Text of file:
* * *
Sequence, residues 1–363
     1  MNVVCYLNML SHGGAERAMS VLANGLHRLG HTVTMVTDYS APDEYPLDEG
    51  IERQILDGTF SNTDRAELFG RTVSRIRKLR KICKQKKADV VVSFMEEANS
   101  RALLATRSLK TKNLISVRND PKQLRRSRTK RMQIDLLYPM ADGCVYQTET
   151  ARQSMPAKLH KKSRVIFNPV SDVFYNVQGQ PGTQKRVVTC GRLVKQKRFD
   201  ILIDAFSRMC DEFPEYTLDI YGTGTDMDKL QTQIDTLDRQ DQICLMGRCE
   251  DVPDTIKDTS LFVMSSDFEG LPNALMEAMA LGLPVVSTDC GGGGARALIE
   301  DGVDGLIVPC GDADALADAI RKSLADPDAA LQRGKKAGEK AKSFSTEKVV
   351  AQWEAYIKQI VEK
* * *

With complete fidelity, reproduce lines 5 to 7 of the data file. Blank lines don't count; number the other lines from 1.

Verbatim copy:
   151  ARQSMPAKLH KKSRVIFNPV SDVFYNVQGQ PGTQKRVVTC GRLVKQKRFD
   201  ILIDAFSRMC DEFPEYTLDI YGTGTDMDKL QTQIDTLDRQ DQICLMGRCE
   251  DVPDTIKDTS LFVMSSDFEG LPNALMEAMA LGLPVVSTDC GGGGARALIE